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Parties draw battlelines as campaign enters final full week

Quebec’s political rivals are drawing battlelines on such key issues as the economy and social values


 

GATINEAU, Que.— Quebec’s political rivals sought to draw their battlelines on key issues such as the economy and social values Sunday as they headed into the final full week of the election campaign.

Premier Jean Charest hammered away at a familiar theme during a campaign stop, saying the Liberal Party is the only choice for those who want economic stability.

Charest said the Parti Québécois or Coalition for Quebec’s Future wouldn’t have “any positive impact” on trade relations with other provinces or the United States.

Charest, who is trailing in some recent opinion polls, told a rally in the Outaouais region in western Quebec that it’s up to voters to decide in the Sept. 4 election if they want the instability brought on by another sovereignty referendum.

François Legault, head of the new Coalition party, spent much of the day campaigning in the same area as Charest, traditionally a Liberal stronghold.

Legault said Charest must be nervous to devote a day to the predominantly federalist area.

“I think Mr. Charest is feeling the heat,” he said.

Meanwhile, Parti Québécois Leader Pauline Marois, who places ahead of both Legault and Charest in some recent polls, called on all progressive voters to help get her a majority mandate.

The PQ is facing the danger of having some votes siphoned off by smaller parties such as the hardline sovereigntist Option nationale and the social-democratic Quebec solidaire.

Marois campaigned Sunday in the Montreal riding of Gouin, where the PQ is facing a stiff challenge from Quebec solidaire’s popular co-spokesperson, Francoise David.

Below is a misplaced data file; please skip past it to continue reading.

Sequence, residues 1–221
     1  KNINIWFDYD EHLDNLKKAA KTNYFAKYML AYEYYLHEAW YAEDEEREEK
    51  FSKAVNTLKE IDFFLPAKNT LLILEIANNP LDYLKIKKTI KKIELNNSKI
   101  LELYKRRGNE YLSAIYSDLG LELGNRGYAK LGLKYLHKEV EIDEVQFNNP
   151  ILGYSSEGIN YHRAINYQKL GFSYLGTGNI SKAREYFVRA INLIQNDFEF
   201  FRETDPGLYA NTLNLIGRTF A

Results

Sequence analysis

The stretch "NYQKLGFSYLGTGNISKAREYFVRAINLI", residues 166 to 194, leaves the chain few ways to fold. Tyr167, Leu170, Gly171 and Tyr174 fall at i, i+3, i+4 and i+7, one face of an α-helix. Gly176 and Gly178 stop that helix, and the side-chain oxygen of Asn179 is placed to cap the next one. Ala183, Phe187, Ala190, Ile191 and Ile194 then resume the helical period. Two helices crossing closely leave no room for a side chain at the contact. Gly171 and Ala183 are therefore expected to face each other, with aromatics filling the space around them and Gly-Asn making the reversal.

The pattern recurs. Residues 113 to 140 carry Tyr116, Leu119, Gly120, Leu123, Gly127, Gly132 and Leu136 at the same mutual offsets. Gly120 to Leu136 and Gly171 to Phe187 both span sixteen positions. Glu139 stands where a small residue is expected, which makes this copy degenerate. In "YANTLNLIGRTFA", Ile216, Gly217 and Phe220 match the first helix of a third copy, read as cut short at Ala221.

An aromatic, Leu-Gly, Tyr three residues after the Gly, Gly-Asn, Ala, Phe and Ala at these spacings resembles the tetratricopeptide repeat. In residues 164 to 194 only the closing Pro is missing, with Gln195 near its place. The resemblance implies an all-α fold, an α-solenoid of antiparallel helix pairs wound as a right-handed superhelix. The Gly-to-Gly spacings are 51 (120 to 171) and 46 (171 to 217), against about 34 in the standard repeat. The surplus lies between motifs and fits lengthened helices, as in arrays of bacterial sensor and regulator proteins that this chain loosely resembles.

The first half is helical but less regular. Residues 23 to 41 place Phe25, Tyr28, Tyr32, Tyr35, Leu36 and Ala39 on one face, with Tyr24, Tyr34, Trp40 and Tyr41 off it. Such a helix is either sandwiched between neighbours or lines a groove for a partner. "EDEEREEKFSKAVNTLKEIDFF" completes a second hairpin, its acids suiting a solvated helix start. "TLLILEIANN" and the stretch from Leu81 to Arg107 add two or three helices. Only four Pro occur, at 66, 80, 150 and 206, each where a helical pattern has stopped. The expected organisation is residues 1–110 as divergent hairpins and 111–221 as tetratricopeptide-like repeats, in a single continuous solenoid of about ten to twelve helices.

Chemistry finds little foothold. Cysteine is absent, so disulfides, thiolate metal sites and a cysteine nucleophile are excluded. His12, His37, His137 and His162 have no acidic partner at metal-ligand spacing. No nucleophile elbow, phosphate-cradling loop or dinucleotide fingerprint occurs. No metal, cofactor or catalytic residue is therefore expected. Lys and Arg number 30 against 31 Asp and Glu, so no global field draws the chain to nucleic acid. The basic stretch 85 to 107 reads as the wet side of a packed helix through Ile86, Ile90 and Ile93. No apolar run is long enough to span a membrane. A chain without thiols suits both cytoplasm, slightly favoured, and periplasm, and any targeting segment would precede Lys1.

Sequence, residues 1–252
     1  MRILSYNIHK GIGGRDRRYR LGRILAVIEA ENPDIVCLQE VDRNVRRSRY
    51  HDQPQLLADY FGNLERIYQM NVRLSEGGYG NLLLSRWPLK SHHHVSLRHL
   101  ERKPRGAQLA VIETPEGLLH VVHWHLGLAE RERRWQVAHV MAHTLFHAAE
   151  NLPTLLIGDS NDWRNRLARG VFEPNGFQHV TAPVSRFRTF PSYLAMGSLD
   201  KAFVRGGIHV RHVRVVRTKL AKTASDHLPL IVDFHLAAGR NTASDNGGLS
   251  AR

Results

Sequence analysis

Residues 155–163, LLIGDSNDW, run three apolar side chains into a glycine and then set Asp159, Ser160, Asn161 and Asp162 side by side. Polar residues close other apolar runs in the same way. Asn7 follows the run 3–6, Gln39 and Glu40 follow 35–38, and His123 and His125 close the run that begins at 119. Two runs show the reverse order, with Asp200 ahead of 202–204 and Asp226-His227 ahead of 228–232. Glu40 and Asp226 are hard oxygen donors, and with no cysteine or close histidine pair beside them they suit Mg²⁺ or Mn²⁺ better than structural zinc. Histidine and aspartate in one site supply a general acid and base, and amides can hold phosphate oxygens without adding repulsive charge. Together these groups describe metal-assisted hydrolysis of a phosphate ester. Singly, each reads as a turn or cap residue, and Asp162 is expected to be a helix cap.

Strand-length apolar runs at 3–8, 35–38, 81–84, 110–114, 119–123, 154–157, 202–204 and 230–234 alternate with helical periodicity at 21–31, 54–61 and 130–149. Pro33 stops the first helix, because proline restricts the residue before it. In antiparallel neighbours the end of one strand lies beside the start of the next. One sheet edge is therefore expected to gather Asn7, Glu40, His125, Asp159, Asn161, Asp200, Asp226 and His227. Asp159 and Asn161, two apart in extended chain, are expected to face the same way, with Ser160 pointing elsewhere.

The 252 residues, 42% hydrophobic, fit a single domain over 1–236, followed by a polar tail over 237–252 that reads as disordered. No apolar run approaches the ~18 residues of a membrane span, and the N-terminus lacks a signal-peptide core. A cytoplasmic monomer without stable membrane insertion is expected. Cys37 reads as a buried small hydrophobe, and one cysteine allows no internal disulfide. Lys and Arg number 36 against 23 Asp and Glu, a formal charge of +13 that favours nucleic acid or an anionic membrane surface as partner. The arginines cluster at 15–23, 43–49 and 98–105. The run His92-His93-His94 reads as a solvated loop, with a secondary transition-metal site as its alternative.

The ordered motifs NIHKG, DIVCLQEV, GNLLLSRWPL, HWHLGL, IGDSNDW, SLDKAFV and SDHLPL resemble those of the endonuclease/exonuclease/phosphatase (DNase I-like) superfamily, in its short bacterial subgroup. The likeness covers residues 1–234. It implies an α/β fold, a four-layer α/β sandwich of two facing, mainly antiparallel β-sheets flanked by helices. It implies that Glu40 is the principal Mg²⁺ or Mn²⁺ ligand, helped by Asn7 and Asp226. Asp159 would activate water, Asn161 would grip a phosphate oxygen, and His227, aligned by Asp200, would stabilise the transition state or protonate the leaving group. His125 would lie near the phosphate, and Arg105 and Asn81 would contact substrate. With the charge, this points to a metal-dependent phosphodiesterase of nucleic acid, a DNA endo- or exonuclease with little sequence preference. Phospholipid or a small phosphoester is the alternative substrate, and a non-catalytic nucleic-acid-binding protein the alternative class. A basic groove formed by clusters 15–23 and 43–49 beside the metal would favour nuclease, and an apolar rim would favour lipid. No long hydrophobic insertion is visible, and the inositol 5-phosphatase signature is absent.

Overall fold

Marois was forced to backtrack after suggesting, in response to questions from the media, that conservative-minded sovereigntists should look elsewhere than the PQ.

A little over an hour later, she called reporters back to clarify, and encouraged right-leaning sovereigntists to vote for her party.

“I have one thing to say to conservative sovereigntists,” she said. “The Parti Quebecois has always run the province in a responsible manner.”

Advance voting for the election was held Sunday and available again on Monday.

– with files from Patrice Bergeron, Fannie Olivier and Martin Ouellet


 
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Parties draw battlelines as campaign enters final full week

  1. From my Ontario vantage point, the one thing I really notice from over here is how fed up the rest of Canada seems to be with prospect of dealing with sovereigntist blackmail and a sovereignty vote again. I wonder if the non-sovereigntist in Quebec who think for the PQ just gives them leverage with the federal government, etc. realize that the ROC if faced with another sovereignty vote seems rather inclined to just preempt their decision and look for a way to force them to leave and be done with them.

  2. I voted this past weekend for the Liberals, but I don’t think they’ll win. My biggest surprise was that there were 10 candidates in my riding! Independents, 2 other socialist parties, a “Middle Class of Quebec” party… democracy is robust here.

    My only hope is that Solidaire siphons enough votes from the PQ to split the separatist vote. The wild card is the CAQ, as it seems to siphon votes from BOTH other major parties. This will hurt the Liberals more as our votes are so concentrated… the majority of ridings in the province, being rural and unilingual and pur-laine, will almost certainly be PQ.

    Latest I heard — a PQ minority government with CAQ opposition and Liberals in 3rd!

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